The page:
Inflammatory bowel diseases (IBDs) are chronic, relapsing inflammatory disorders of the gastrointestinal tract, frequently associated with extraintestinal manifestations (EIMs) that can severely affect IBD patients' quality of life, sometimes even becoming life-threatening. Respiratory diseases have always been considered a rare and subsequently neglected extraintestinal manifestations of IBD. However, increasing evidence has demonstrated that respiratory involvement is frequent in IBD patients, even in the absence of respiratory symptoms. Airway inflammation is the most common milieu of IBD-related involvement, with bronchiectasis being the most common manifestation. Furthermore, significant differences in prevalence and types of involvement are present between Crohn's disease and ulcerative colitis. The same embryological origin of respiratory and gastrointestinal tissue, in addition to exposure to common antigens and cytokine networks, may all play a potential role in the respiratory involvement. Furthermore, other causes such as drug-related toxicity and infections must always be considered. This article aims at reviewing the current evidence on the association between IBD and respiratory diseases. The purpose is to raise awareness of respiratory manifestation among IBD specialists and emphasize the need for identifying respiratory diseases in early stages to promptly treat these conditions, avoid worsening morbidity, and prevent lung damage.

Lung Involvement in Inflammatory Bowel Diseases: Shared Pathways and Unwanted Connections

Repici, Alessandro;Bezzio, Cristina;Aliberti, Stefano;Armuzzi, Alessandro
2023-01-01

Abstract

Inflammatory bowel diseases (IBDs) are chronic, relapsing inflammatory disorders of the gastrointestinal tract, frequently associated with extraintestinal manifestations (EIMs) that can severely affect IBD patients' quality of life, sometimes even becoming life-threatening. Respiratory diseases have always been considered a rare and subsequently neglected extraintestinal manifestations of IBD. However, increasing evidence has demonstrated that respiratory involvement is frequent in IBD patients, even in the absence of respiratory symptoms. Airway inflammation is the most common milieu of IBD-related involvement, with bronchiectasis being the most common manifestation. Furthermore, significant differences in prevalence and types of involvement are present between Crohn's disease and ulcerative colitis. The same embryological origin of respiratory and gastrointestinal tissue, in addition to exposure to common antigens and cytokine networks, may all play a potential role in the respiratory involvement. Furthermore, other causes such as drug-related toxicity and infections must always be considered. This article aims at reviewing the current evidence on the association between IBD and respiratory diseases. The purpose is to raise awareness of respiratory manifestation among IBD specialists and emphasize the need for identifying respiratory diseases in early stages to promptly treat these conditions, avoid worsening morbidity, and prevent lung damage.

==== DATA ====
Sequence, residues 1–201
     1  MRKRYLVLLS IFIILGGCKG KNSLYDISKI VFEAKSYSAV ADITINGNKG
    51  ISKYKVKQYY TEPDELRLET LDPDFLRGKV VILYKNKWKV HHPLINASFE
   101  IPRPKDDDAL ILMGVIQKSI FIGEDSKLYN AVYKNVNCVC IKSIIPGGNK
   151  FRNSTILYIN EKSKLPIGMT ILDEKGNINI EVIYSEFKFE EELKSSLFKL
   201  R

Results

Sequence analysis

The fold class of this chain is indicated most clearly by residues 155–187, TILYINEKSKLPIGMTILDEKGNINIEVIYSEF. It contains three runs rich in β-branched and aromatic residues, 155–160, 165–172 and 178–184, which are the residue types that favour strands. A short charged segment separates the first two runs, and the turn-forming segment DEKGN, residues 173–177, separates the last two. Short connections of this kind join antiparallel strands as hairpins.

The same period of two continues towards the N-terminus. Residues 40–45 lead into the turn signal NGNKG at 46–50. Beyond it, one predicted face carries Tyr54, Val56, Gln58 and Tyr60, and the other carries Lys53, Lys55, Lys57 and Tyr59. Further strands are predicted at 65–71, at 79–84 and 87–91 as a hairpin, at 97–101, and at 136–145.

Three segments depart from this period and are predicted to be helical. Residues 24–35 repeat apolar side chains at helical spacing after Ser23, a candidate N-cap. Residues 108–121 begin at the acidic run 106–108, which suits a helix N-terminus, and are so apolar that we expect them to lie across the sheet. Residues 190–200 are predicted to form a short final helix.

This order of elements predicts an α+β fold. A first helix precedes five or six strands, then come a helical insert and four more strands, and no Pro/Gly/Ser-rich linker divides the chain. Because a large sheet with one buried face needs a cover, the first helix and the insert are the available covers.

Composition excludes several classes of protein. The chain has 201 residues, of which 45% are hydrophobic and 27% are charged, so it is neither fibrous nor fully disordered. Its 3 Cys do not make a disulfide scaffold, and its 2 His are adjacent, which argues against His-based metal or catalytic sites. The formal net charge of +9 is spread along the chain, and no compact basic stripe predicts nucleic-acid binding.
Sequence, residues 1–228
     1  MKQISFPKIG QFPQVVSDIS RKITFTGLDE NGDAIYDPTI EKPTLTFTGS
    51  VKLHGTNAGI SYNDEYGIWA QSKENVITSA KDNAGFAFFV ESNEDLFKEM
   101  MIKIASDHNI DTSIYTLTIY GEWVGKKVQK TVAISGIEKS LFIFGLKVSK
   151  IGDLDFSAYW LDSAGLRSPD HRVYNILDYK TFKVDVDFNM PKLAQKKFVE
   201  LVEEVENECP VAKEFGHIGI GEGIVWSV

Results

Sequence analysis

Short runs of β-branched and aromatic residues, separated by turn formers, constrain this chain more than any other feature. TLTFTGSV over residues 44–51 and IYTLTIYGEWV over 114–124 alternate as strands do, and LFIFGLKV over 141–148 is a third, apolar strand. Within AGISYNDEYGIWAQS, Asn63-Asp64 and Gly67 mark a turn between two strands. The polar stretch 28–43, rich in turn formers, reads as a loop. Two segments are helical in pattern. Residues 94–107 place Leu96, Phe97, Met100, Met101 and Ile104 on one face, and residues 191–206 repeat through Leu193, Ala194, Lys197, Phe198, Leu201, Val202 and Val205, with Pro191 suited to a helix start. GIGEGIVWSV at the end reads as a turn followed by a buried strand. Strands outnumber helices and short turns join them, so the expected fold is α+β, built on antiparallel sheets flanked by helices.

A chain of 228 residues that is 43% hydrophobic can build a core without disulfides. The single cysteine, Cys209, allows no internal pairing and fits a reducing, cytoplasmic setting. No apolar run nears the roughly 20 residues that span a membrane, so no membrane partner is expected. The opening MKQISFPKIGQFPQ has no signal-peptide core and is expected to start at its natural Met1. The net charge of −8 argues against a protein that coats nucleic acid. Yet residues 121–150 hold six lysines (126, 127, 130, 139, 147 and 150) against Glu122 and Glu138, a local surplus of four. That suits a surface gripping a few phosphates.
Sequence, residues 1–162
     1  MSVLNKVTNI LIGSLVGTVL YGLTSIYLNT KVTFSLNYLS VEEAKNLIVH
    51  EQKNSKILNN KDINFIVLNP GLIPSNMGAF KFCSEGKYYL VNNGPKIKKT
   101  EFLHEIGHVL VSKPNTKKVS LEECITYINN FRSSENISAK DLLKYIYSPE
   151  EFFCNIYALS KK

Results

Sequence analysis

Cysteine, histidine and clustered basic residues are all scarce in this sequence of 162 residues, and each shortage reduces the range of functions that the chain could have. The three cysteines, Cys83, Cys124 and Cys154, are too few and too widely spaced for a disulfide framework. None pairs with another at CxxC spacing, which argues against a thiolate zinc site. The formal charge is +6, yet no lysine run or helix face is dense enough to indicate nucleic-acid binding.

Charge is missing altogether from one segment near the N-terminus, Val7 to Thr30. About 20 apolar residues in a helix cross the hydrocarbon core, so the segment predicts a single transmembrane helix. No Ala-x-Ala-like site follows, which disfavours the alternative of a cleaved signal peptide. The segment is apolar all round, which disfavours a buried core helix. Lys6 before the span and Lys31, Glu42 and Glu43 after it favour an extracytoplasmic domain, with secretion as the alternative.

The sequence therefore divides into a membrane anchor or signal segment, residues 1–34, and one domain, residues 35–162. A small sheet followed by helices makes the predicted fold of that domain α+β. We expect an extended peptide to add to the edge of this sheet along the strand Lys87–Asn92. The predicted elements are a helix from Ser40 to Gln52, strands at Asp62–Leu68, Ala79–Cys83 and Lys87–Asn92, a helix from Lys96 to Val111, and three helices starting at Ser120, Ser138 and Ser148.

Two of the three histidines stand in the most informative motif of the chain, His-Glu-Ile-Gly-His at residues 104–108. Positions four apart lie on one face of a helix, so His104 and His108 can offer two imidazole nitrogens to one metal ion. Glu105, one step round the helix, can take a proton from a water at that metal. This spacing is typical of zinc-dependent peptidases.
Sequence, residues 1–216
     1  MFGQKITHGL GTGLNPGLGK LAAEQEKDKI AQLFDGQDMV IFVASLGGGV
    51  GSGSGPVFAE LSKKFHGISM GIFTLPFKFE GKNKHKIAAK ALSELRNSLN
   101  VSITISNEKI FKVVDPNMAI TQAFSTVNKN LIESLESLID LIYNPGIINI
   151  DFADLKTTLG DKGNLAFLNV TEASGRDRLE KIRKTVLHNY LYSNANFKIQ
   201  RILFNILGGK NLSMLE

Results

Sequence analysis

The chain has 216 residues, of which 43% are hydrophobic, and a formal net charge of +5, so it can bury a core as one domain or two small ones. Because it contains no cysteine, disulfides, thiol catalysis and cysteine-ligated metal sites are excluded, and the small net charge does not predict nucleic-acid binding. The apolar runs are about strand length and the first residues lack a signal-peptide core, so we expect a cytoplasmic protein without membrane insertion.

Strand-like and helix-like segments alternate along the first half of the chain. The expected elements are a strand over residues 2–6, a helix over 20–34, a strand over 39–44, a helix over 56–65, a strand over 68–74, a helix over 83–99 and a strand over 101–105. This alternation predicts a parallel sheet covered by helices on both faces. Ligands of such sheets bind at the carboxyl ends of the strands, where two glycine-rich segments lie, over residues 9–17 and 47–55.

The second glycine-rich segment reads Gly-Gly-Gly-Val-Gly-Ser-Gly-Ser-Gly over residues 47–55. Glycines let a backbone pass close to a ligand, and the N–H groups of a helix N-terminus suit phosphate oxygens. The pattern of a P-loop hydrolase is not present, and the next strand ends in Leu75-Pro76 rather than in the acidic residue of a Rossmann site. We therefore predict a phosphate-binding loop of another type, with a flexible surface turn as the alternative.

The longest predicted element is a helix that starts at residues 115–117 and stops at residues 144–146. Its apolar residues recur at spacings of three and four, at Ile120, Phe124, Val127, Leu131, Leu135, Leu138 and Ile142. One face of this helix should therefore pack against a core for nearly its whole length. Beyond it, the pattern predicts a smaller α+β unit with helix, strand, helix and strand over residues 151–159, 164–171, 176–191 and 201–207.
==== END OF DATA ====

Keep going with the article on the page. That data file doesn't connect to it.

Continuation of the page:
2023
pneumonia
airway inflammation
lung involvement
lung cancer
respiratory tract infections
drug-induced lung injury
inflammatory bowel disease
treatment
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Utilizza questo identificativo per citare o creare un link a questo documento: https://hdl.handle.net/11699/83623
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